‘Catholic Death Penalty’: Pope Defrocks Cardinal Over Sex Abuse
The Vatican found Cardinal Theodore McCarrick guilty of abusing minors and adults.
The Catholic Church has reeled from the fallout of a sexual-abuse scandal in recent months. In August, news broke that there were more than 300 “predator priests” in Pennsylvania. Then came revelations of a more secret element: The vast majority of the crime was perpetrated by homosexuals. Next came a fight in the form of a letter written by the Vatican’s former ambassador to the U.S., Archbishop Carlo Maria Vigano, in which he demanded the resignation of Pope Francis over allegations that the latter knew of the sexual abuse perpetrated by Cardinal Theodore McCarrick, the former archbishop of Washington, DC, and Newark, New Jersey.
Francis addressed that over the weekend, defrocking the retired cardinal after an investigation concluded that accusations against him were credible. Over the course of many years, McCarrick is alleged to have sexually abused minors and coerced adult seminarians into sex. A Vatican tribunal found McCarrick guilty of “solicitation in the Sacrament of Confession and sins against the Sixth Commandment with minors and with adults, with the aggravating factor of the abuse of power.” (Catholics number the commandments differently from Protestants. Adultery is the seventh commandment in the reckoning of the latter.)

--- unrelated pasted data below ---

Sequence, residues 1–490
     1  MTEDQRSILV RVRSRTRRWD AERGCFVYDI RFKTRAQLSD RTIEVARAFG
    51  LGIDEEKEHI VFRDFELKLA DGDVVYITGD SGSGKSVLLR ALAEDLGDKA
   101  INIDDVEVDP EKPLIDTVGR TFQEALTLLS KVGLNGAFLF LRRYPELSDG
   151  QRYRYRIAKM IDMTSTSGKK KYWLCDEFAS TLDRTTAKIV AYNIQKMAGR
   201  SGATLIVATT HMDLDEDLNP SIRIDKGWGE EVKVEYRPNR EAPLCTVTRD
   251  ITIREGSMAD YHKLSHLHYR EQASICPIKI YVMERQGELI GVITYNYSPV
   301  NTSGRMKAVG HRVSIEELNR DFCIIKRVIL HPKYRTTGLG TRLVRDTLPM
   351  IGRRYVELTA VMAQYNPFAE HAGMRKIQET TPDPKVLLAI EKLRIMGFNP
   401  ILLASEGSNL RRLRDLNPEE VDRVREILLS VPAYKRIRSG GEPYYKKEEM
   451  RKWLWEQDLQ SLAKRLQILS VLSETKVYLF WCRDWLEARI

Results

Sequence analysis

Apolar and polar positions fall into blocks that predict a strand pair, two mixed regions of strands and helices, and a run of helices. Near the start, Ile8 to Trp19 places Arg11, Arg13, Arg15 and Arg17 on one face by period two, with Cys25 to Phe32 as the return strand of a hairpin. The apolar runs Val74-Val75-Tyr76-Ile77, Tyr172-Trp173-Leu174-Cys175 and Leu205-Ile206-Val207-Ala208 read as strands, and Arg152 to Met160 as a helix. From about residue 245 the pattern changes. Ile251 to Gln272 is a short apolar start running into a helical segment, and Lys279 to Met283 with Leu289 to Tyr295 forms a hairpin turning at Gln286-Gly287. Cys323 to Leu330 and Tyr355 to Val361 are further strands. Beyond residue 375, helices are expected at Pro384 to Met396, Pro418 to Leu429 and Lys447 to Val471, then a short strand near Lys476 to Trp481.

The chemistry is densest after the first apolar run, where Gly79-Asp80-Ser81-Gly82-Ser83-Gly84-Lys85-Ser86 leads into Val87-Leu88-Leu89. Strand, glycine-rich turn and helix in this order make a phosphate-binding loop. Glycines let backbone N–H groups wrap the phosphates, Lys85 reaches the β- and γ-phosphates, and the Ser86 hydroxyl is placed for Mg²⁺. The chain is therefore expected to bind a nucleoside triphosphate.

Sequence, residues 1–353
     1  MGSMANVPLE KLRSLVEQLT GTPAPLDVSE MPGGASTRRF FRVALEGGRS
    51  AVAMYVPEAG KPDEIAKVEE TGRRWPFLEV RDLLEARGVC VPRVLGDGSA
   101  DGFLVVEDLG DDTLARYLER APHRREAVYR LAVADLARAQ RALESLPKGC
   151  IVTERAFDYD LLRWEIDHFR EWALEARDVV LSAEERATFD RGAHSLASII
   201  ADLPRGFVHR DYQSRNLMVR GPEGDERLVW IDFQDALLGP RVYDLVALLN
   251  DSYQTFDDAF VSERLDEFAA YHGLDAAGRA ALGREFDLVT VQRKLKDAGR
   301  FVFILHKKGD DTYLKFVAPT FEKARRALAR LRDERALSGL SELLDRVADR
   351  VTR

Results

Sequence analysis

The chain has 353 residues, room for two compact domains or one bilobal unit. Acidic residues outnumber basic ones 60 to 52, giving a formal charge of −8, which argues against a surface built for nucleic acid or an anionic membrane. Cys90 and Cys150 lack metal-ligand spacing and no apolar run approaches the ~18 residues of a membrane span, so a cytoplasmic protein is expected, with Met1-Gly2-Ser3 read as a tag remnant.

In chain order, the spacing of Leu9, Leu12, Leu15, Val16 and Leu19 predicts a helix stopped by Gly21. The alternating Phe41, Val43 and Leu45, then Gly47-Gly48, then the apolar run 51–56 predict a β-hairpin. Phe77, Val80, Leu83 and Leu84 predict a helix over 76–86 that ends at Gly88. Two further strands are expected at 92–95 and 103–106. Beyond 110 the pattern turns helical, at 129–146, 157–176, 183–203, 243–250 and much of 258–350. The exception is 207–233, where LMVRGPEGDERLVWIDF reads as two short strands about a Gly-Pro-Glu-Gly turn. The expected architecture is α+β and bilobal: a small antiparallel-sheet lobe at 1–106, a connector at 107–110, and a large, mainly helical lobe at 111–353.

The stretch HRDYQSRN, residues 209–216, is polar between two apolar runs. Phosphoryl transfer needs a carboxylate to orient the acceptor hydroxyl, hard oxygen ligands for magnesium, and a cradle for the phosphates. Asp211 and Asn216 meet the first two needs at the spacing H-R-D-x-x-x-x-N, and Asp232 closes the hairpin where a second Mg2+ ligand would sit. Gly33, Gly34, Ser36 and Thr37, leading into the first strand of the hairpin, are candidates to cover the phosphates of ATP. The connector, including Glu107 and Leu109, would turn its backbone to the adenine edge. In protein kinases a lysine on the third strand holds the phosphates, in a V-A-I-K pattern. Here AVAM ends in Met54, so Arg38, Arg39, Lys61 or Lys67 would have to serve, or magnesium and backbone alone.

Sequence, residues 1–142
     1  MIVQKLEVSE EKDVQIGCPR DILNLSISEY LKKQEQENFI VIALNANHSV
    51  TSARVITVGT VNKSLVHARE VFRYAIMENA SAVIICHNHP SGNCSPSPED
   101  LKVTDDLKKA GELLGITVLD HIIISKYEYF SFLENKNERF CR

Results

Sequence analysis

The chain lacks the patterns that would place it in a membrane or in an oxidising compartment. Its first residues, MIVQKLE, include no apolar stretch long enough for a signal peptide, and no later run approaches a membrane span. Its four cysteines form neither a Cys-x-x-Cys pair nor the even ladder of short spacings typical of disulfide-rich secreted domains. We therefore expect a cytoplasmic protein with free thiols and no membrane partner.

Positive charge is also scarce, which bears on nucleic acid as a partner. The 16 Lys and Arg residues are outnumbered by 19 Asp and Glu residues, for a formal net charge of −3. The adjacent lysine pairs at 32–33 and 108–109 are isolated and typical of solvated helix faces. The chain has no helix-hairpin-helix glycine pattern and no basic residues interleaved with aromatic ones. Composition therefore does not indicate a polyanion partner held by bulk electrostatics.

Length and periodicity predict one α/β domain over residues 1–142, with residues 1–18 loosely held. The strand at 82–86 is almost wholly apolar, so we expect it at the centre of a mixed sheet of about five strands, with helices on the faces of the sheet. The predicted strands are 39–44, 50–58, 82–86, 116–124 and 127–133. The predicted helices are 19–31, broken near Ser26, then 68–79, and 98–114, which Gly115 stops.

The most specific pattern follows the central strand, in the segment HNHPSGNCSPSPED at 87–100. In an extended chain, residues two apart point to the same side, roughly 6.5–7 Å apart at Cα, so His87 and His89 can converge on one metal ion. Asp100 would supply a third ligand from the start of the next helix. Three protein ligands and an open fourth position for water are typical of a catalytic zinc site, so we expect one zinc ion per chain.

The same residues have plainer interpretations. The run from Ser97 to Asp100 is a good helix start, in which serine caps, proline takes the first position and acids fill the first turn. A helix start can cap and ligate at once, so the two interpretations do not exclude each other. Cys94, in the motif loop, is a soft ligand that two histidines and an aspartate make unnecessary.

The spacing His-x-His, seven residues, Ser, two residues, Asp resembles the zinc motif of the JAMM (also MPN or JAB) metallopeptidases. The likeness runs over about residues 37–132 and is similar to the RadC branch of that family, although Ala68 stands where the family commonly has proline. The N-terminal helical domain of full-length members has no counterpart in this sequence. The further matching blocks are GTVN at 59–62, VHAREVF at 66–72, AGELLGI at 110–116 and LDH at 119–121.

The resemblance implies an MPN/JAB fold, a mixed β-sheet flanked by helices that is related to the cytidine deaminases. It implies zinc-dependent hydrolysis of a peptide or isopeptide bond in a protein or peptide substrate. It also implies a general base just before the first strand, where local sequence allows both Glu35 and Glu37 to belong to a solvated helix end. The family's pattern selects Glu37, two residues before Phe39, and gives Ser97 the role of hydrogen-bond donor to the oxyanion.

McCarrick had been placed under disciplinary sanctions by Pope Benedict, and yet Francis acted to repeal them, freeing McCarrick to continue his predatory ways. McCarrick resigned from the College of Cardinals last July, and Francis ordered him to observe a life of prayer and penance in seclusion. This latest move is what Crux editor in chief John L. Allen calls “the Catholic equivalent of the death penalty.”
So why defrock McCarrick now? Francis is scheduled this week to meet with the heads of national Catholic bishops conferences to address the global problem of sexual abuse by priests. “The church will never seek to hush up or not take seriously any case,” Francis said. We hope that’s true because it would mark a serious change from past practice by the church as a whole and by Francis in particular, who has at times appeared rather tone-deaf to the problem.
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